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1

COAL DESULFURIZATION PRIOR TO COMBUSTION  

E-Print Network [OSTI]

Corporation, 5-25~79. on Coal Liquefaction at ChevronHamersma, et a L, "Meyers Process for Coal Desulfurization,"in Wheelock, Coal Desulfurization, ACS Symp. Ser 64 (1977(.

Wrathall, J.

2013-01-01T23:59:59.000Z

2

DESULFURIZATION OF COAL MODEL COMPOUNDS AND COAL LIQUIDS  

E-Print Network [OSTI]

Pollutants Associated With Coal Combustion. • E.P.A.Control Guidelines for Coal-Derived Pollutants .Forms of Sulfur in Coal • . . . . Coal Desulfurization

Wrathall, James Anthony

2011-01-01T23:59:59.000Z

3

Partitioning of mercury, arsenic, selenium, boron, and chloride in a full-scale coal combustion process equipped with selective catalytic reduction, electrostatic precipitation, and flue gas desulfurization systems  

SciTech Connect (OSTI)

A full-scale field study was carried out at a 795 MWe coal-fired power plant equipped with selective catalytic reduction (SCR), an electrostatic precipitator (ESP), and wet flue gas desulfurization (FGD) systems to investigate the distribution of selected trace elements (i.e., mercury, arsenic, selenium, boron, and chloride) from coal, FGD reagent slurry, makeup water to flue gas, solid byproduct, and wastewater streams. Flue gases were collected from the SCR outlet, ESP inlet, FGD inlet, and stack. Concurrent with flue gas sampling, coal, bottom ash, economizer ash, and samples from the FGD process were also collected for elemental analysis. By combining plant operation parameters, the overall material balances of selected elements were established. The removal efficiencies of As, Se, Hg, and B by the ESP unit were 88, 56, 17, and 8%, respectively. Only about 2.5% of Cl was condensed and removed from flue gas by fly ash. The FGD process removed over 90% of Cl, 77% of B, 76% of Hg, 30% of Se, and 5% of As. About 90% and 99% of the FGD-removed Hg and Se were associated with gypsum. For B and Cl, over 99% were discharged from the coal combustion process with the wastewater. Mineral trona (trisodium hydrogendicarbonate dehydrate, Na{sub 3}H(CO{sub 3}){sub 2}.2H{sub 2}O) was injected before the ESP unit to control the emission of sulfur trioxide (SO{sub 3}). By comparing the trace elements compositions in the fly ash samples collected from the locations before and after the trona injection, the injection of trona did not show an observable effect on the partitioning behaviors of selenium and arsenic, but it significantly increased the adsorption of mercury onto fly ash. The stack emissions of mercury, boron, selenium, and chloride were for the most part in the gas phase. 47 refs., 3 figs., 11 tabs.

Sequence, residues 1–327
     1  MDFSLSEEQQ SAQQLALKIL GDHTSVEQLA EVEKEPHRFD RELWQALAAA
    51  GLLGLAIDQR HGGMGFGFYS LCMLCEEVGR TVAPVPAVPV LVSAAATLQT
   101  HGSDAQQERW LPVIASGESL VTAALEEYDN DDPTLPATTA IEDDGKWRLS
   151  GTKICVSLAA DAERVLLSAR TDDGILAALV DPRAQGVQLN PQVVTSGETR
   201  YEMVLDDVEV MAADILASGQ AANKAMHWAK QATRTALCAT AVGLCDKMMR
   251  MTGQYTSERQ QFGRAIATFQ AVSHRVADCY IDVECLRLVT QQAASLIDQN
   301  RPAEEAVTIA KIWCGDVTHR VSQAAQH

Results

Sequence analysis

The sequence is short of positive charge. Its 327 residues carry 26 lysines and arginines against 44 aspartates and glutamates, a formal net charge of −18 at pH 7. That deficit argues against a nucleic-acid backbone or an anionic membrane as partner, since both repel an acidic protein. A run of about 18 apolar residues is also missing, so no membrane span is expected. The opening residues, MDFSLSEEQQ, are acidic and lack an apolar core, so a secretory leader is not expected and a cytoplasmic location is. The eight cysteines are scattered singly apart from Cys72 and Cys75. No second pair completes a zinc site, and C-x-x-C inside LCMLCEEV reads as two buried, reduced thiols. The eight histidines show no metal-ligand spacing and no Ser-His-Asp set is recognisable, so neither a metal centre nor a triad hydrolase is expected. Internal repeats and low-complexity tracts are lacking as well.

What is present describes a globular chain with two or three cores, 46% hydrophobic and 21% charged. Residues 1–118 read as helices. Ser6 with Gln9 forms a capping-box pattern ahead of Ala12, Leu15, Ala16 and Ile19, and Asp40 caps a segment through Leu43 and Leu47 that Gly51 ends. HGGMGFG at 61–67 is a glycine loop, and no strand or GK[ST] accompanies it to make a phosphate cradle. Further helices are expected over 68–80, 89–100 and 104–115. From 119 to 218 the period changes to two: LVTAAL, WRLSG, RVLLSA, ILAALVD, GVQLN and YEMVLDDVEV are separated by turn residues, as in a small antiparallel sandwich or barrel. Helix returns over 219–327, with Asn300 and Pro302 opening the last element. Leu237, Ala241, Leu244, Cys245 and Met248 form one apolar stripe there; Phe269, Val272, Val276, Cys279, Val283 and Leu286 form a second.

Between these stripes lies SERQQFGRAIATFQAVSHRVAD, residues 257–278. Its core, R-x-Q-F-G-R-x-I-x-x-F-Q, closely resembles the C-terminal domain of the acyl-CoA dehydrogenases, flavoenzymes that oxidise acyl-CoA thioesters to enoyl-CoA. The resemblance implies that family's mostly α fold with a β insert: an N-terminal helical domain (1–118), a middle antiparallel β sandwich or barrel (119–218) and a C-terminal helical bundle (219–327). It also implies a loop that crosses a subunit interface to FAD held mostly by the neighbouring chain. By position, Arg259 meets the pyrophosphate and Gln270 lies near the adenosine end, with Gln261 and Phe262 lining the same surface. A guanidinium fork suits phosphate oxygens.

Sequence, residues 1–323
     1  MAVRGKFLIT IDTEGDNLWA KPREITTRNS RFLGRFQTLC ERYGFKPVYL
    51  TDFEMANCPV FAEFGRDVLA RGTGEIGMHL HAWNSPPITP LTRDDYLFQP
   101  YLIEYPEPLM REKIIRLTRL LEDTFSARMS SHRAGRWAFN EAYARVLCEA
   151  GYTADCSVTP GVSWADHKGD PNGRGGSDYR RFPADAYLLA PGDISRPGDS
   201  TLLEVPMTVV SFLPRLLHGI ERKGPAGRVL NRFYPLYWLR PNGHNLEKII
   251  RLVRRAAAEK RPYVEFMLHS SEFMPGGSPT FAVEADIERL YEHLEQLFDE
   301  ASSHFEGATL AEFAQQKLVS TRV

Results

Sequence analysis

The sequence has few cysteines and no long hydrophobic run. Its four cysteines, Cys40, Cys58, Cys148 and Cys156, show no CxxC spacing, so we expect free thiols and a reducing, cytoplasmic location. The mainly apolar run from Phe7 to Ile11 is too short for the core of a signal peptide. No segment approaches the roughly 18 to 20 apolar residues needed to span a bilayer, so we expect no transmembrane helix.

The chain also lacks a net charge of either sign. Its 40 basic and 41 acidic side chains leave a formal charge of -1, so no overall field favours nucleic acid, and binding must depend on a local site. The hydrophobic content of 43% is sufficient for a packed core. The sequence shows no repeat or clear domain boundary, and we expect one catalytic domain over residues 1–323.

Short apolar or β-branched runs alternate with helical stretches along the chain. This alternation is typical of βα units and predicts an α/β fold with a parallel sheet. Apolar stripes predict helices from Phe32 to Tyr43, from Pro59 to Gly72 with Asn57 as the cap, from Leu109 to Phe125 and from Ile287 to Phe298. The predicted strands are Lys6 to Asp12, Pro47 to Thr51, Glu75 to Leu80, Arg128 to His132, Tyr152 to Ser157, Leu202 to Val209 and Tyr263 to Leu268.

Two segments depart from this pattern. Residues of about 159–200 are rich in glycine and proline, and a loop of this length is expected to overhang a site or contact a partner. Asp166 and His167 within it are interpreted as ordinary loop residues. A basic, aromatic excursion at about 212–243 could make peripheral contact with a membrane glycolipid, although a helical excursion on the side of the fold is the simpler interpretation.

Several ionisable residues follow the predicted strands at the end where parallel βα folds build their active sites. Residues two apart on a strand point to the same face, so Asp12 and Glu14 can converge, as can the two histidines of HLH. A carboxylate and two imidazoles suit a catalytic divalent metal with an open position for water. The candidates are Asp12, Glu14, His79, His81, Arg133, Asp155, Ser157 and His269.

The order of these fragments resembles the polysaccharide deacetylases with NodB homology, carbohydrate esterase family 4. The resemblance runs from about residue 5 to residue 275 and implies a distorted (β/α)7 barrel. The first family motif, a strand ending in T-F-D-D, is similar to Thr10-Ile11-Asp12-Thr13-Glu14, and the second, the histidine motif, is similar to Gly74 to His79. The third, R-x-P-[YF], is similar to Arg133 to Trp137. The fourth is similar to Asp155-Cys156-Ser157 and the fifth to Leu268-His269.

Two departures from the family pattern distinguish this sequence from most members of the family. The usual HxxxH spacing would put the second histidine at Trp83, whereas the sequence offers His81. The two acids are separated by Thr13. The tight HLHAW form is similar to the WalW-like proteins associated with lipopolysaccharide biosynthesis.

Chin-Min Cheng; Pauline Hack; Paul Chu; Yung-Nan Chang; Ting-Yu Lin; Chih-Sheng Ko; Po-Han Chiang; Cheng-Chun He; Yuan-Min Lai; Wei-Ping Pan [Western Kentucky University, Bowling Green, KY (United States). Institute for Combustion Science and Environmental Technology

2009-09-15T23:59:59.000Z

4

Ultrasound-promoted chemical desulfurization of Illinois coals  

SciTech Connect (OSTI)

The overall objectives of the program were to investigate the use of ultrasound to promote coal desulfurization reactions and to evaluate chemical coal desulfurization schemes under mild conditions through a fundamental understanding of their reaction mechanisms and kinetics. The ultimate goal was to develop an economically feasible mild chemical process to reduce the total sulfur content of Illinois Basin Coals, while retaining their original physical characteristics, such as calorific value and volatile matter content. During the program, potential chemical reactions with coal were surveyed under various ultrasonic irradiation conditions for desulfurization, to formulate preliminary reaction pathways, and to select a few of the more promising chemical processes for more extensive study.

Chao, S.S.

1991-01-01T23:59:59.000Z